Chapter 3 starts by describing the different dimensions used to differentiate types of innovation. The book said there were four common dimensions that were used to categorize innovation:  product versus process innovation, radical versus incremental, competence enhancing versus competence destroying, and architectural versus component. There were couple points that I found interesting when the author was describing these different dimensions. When the author was talking about product versus process innovation, I found it interesting when the author mentioned that new product and process innovations often occur in tandem. The second point that I found interesting is when the author was talking about radical versus incremental innovation, he stated that the radicalness of an innovation is relative and may change over time. This simply means that a step that company took in the past may have seem radical, but now it seems like that stat is the next logical step that should have been taken. I found that the examples used in chapter 3 did an excellent job at clarifying that point the author was trying to make.

The next section of chapter 3 talked about S-Curves when dealing with technological improvement, technology diffusion, and as a prescriptive tool. The reasons that the book gave for the S-Curves for technological improvement and technology diffusion were basically common sense. What I did learn were the limitations of the S-Curve that can hinder it from being used as a prescriptive tool. There were three limitations that were listed: 1) it is rare that the true limits of a technology are known in advanced and there is often disagreement among firms about what the technology’s limits will be 2) the shape of a technology's s-curve is not set in stone 3) whether switching to a new technology will benefit a firm depends on a number of factors.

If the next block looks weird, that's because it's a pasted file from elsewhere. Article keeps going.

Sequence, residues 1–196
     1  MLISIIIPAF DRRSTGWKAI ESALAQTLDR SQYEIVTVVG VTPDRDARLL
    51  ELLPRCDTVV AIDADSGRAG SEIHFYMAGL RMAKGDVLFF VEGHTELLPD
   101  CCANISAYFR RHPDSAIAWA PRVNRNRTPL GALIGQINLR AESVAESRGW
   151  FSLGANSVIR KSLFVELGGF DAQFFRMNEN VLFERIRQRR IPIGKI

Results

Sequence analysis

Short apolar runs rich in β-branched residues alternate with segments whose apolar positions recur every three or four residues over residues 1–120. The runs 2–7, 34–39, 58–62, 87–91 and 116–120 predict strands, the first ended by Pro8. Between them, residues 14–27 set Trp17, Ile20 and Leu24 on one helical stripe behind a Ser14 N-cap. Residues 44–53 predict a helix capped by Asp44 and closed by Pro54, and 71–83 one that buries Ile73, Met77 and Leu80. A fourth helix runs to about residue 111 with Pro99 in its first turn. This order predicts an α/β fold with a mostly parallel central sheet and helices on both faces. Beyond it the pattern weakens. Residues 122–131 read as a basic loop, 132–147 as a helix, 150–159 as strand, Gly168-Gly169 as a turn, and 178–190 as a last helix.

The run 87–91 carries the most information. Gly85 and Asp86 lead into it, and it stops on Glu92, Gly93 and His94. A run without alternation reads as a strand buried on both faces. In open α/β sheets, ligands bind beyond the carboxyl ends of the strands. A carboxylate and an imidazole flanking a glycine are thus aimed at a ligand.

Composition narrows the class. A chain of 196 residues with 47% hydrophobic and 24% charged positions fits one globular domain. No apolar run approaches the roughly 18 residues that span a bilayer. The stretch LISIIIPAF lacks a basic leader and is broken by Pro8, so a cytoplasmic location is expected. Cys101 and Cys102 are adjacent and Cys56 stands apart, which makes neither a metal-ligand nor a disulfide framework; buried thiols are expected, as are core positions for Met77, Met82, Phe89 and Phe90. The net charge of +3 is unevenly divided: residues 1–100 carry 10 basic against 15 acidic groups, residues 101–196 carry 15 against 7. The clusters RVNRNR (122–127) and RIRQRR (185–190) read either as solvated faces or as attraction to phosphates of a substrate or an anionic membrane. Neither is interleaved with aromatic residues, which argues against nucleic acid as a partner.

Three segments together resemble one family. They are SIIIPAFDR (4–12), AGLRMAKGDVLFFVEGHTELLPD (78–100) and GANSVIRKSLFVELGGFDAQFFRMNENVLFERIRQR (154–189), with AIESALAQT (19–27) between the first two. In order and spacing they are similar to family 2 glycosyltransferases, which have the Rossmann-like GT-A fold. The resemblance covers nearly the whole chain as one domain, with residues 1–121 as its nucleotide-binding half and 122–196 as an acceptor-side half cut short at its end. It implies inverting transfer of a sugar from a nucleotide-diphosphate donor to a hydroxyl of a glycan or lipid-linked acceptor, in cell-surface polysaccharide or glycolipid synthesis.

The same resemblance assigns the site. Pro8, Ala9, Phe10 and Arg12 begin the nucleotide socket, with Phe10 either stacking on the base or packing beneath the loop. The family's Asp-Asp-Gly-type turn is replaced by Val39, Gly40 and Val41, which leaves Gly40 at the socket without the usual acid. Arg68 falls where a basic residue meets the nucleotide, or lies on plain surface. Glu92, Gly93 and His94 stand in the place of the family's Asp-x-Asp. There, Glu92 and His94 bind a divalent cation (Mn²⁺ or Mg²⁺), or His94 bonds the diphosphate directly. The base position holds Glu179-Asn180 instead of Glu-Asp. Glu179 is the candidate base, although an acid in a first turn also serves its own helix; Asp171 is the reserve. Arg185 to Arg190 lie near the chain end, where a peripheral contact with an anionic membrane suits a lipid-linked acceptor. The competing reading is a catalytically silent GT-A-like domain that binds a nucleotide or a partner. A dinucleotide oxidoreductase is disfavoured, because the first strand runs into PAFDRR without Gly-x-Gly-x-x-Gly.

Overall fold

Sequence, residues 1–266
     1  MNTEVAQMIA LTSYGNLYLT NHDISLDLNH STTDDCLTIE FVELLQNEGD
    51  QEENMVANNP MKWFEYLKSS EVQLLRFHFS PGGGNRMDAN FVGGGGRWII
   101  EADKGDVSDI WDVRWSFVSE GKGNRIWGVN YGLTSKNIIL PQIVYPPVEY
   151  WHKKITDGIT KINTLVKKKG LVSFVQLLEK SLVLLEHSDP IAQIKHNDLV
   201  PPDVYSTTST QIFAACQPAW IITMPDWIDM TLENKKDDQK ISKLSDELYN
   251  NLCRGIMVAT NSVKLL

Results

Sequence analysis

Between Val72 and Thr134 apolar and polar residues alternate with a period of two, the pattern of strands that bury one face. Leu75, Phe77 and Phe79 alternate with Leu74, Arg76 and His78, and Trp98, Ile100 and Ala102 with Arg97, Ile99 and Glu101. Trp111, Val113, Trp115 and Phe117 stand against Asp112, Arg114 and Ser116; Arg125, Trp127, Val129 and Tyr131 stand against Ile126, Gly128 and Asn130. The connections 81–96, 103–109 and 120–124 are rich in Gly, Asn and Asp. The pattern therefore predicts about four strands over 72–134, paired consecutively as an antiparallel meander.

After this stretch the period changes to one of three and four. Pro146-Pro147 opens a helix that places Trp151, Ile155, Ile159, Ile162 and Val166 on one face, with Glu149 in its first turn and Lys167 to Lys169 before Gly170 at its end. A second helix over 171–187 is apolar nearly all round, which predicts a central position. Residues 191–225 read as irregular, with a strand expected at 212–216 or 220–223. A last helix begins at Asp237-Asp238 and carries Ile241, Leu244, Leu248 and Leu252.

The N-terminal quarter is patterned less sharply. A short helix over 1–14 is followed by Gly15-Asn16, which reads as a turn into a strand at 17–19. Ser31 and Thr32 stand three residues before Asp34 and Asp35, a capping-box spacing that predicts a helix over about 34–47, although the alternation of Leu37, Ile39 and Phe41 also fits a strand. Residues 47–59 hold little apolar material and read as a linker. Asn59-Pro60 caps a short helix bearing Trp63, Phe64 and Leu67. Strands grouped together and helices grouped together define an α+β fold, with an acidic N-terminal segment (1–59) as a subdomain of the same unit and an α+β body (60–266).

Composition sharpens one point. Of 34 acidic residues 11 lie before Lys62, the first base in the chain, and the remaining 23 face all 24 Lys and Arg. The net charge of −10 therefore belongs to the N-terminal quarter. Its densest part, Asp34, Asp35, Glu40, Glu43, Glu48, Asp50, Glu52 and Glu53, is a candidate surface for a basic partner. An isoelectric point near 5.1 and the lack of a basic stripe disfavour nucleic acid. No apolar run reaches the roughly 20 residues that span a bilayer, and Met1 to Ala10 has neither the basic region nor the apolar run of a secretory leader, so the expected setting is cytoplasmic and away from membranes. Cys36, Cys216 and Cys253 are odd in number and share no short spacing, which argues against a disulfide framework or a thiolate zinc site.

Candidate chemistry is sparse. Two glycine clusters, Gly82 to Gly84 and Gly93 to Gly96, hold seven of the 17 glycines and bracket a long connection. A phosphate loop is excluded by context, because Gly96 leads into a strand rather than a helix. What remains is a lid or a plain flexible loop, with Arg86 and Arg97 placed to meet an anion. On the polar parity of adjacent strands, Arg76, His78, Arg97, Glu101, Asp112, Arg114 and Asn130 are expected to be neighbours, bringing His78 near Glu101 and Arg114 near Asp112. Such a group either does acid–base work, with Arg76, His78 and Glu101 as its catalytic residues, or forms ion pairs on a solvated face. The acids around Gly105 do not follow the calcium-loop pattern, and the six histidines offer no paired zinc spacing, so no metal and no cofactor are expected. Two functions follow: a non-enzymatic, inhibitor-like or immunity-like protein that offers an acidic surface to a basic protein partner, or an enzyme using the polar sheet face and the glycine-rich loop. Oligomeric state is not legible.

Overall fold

The file section of chapter 3 talked about the cycles that technology goes through. The cycles were described by two different groups of scientists. Utterback and Abernathy broke down this cycle and to two phases; the fluid phase and the specific phase. The other scientists that described the cycle were Anderson and Tushman, their description had a lot in common with Utterback and Abernathy description.  The two stages that Anderson and Tushman used to describe the cycle was the error of ferments and the air of incremental change.